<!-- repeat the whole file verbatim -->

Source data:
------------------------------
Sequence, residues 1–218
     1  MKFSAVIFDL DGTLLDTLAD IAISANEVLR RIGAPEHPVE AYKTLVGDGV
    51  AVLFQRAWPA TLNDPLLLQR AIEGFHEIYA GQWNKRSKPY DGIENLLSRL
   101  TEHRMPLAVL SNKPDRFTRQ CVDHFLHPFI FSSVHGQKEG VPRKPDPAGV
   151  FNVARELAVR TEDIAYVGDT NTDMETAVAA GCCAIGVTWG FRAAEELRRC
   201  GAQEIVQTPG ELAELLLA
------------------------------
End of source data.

Sequence, residues 1–218
     1  MKFSAVIFDL DGTLLDTLAD IAISANEVLR RIGAPEHPVE AYKTLVGDGV
    51  AVLFQRAWPA TLNDPLLLQR AIEGFHEIYA GQWNKRSKPY DGIENLLSRL
   101  TEHRMPLAVL SNKPDRFTRQ CVDHFLHPFI FSSVHGQKEG VPRKPDPAGV
   151  FNVARELAVR TEDIAYVGDT NTDMETAVAA GCCAIGVTWG FRAAEELRRC
   201  GAQEIVQTPG ELAELLLA